No Catholic Church can be established without a titular. “As soon as its construction is properly completed,” says canon law 1217, “a new church is to be dedicated or at least blessed as soon as possible.” Further, “Each church is to have its own title which cannot be changed after its dedication” 1218. This you may find interesting since it is the case of many parishes merging and the name of the parish community changing.
My home parish was Sacred Heart. It was a small Slovenian parish that was combined with St. Mary, and even smaller Polish community. The two congregations became one, they changed from a nationality parishes to a parish with boundaries, and they now meet under the new title of “Prince of Peace.” Soon the parishes of St. Bernard and St. Mary will combine to become St. Bernard/St. Mary. Interestingly enough however this does not affect the name of the church buildings in which these congregations meet. One simply cannot change the titular of a building once it has been consecrated. “So sorry Mary, we are done with you. We switching to Prince of Peace like an NFL team switching cities.” So the building in which Prince of Peace meets is still titled Sacred Heart and the Sts. B & M building will still be officially known as St. Bernard (though if anyone actually makes use of those names we will see) though the congregation that meets within its walls may change.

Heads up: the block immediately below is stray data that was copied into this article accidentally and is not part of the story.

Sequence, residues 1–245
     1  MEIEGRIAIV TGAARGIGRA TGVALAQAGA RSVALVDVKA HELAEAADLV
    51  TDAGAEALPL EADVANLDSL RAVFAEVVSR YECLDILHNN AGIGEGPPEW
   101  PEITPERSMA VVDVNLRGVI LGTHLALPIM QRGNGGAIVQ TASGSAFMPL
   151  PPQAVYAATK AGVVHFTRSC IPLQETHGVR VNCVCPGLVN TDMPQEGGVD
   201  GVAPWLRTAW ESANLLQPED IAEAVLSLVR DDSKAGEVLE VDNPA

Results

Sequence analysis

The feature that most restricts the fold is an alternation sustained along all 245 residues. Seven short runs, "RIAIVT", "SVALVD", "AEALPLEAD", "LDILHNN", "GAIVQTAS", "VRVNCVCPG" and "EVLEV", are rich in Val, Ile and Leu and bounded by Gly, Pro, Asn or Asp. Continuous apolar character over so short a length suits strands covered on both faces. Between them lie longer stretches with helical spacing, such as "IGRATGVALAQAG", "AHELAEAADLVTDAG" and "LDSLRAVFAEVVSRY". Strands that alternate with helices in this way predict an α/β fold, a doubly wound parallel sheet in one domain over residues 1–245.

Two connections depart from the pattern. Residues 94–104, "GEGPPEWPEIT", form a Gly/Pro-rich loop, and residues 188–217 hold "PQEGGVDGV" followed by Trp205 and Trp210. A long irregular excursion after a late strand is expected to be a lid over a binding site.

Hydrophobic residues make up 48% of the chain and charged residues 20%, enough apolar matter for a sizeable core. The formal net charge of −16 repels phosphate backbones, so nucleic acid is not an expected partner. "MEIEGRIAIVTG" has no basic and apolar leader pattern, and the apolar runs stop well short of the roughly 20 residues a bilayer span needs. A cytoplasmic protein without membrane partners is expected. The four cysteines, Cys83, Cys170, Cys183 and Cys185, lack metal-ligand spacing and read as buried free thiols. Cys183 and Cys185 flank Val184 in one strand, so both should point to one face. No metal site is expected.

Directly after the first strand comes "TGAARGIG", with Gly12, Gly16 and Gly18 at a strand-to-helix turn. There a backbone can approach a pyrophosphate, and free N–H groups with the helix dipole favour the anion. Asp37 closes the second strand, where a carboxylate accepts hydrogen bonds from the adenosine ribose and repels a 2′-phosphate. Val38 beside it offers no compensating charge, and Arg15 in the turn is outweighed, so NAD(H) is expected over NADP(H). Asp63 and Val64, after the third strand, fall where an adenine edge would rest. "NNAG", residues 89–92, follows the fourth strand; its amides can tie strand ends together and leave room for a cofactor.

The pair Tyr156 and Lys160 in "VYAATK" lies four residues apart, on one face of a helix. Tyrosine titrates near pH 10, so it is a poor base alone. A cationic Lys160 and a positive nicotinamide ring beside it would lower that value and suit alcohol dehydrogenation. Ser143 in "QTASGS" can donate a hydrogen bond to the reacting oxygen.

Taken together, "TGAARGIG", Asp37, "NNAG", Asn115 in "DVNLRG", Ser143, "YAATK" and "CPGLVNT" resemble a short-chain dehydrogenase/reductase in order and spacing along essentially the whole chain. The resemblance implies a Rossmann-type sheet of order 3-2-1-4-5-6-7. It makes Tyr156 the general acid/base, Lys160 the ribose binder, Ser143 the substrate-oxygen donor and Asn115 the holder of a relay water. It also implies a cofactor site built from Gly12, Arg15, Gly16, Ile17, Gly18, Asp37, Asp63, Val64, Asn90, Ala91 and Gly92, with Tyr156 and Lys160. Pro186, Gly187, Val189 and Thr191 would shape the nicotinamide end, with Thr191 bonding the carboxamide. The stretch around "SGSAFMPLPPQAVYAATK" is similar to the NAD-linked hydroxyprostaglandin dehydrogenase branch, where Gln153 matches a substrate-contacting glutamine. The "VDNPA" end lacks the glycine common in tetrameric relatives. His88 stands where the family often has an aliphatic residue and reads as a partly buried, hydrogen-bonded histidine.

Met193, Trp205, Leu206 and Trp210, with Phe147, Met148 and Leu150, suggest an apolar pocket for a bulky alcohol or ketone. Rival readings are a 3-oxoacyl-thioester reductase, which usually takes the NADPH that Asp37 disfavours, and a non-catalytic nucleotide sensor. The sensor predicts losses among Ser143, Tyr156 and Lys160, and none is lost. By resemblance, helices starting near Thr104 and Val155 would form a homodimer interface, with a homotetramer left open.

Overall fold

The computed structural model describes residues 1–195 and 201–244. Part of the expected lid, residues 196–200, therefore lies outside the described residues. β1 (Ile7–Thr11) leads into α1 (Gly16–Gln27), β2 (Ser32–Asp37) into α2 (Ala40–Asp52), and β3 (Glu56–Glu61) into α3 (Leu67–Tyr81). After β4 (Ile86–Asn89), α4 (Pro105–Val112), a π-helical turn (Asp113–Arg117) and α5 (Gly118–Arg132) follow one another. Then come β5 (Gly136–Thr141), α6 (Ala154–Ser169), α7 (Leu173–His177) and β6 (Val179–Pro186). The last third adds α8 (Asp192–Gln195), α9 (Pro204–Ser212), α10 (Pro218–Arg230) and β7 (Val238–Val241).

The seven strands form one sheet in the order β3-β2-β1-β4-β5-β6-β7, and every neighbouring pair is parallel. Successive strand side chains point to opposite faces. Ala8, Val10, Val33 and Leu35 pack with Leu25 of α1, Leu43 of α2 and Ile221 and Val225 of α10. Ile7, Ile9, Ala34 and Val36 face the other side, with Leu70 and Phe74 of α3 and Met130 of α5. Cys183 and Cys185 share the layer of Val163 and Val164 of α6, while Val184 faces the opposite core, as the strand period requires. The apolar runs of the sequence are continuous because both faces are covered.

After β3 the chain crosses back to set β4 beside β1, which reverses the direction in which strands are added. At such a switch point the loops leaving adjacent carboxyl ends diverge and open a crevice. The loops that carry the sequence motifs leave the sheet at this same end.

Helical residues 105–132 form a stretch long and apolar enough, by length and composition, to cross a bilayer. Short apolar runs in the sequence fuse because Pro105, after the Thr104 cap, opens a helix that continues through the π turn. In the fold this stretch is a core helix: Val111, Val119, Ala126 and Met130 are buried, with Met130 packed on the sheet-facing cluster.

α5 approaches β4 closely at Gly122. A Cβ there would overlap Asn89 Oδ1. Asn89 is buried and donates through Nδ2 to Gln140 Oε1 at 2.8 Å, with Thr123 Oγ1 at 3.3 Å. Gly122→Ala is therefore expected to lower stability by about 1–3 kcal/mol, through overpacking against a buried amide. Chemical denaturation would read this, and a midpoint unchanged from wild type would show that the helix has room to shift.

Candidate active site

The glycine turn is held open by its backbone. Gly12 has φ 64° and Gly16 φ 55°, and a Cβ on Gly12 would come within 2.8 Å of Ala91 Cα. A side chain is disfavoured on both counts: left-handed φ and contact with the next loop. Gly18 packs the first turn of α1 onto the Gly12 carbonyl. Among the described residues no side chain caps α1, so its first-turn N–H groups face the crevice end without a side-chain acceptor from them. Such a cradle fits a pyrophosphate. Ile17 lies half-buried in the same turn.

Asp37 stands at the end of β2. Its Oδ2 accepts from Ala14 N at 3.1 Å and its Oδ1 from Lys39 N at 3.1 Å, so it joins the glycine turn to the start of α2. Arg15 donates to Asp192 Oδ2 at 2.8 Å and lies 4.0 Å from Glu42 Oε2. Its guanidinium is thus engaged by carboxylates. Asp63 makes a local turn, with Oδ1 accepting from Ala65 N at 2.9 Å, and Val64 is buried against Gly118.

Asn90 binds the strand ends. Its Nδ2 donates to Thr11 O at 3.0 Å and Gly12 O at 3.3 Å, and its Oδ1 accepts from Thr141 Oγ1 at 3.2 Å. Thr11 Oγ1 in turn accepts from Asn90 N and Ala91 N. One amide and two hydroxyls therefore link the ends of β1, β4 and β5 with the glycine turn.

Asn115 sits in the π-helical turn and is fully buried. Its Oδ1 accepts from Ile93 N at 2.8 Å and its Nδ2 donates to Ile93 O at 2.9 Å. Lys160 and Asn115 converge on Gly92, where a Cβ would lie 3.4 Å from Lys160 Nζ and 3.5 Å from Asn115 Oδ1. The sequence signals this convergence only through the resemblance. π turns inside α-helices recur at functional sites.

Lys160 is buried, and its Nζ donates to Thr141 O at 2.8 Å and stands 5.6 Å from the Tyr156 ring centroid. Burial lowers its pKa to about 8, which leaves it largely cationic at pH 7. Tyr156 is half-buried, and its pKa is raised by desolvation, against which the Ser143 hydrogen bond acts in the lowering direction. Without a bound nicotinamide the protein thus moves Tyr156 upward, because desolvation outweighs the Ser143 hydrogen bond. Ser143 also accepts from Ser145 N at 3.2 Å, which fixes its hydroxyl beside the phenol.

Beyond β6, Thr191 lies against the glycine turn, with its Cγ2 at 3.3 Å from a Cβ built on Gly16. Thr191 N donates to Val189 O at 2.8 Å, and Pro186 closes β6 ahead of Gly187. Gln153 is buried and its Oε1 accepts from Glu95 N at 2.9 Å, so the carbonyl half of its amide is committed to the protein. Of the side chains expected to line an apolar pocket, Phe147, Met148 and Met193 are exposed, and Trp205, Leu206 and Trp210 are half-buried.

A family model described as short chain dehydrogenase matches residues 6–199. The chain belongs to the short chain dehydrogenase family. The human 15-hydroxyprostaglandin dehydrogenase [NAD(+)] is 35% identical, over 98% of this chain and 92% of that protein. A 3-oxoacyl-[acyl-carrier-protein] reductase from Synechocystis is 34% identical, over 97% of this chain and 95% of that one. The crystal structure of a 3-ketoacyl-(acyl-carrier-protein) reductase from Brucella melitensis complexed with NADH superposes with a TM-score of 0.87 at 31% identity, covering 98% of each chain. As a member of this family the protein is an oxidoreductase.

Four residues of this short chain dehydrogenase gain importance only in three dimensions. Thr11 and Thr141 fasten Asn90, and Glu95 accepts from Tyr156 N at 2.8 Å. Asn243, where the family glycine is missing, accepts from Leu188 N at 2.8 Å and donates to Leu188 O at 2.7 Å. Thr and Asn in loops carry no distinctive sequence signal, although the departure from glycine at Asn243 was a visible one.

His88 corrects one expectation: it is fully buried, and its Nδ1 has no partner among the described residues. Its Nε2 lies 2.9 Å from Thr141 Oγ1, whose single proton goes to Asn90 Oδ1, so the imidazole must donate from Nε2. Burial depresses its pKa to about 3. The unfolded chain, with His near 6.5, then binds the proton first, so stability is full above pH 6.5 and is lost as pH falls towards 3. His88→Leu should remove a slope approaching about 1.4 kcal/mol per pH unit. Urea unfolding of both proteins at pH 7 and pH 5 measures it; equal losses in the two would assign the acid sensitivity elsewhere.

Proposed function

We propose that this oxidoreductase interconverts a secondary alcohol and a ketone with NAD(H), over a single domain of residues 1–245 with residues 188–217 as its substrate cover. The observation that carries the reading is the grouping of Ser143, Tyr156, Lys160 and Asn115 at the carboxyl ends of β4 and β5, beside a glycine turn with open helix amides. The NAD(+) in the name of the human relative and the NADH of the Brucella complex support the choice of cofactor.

So there is no need and in actuality it would be wrong to obliterate the name from the building altogether. Remember those grand old bank buildings that had their names etched in stone? “The First Federated Money Bank” or some such thing? When we went through a flurry of sales and bank name changes somebody would take some cement, climb to the top of the building and fill in the letters for the name of the bank and the building changed. If there were such markings on a church building there would be no need to fill in the letters because unlike the bank, the church building still retains its name.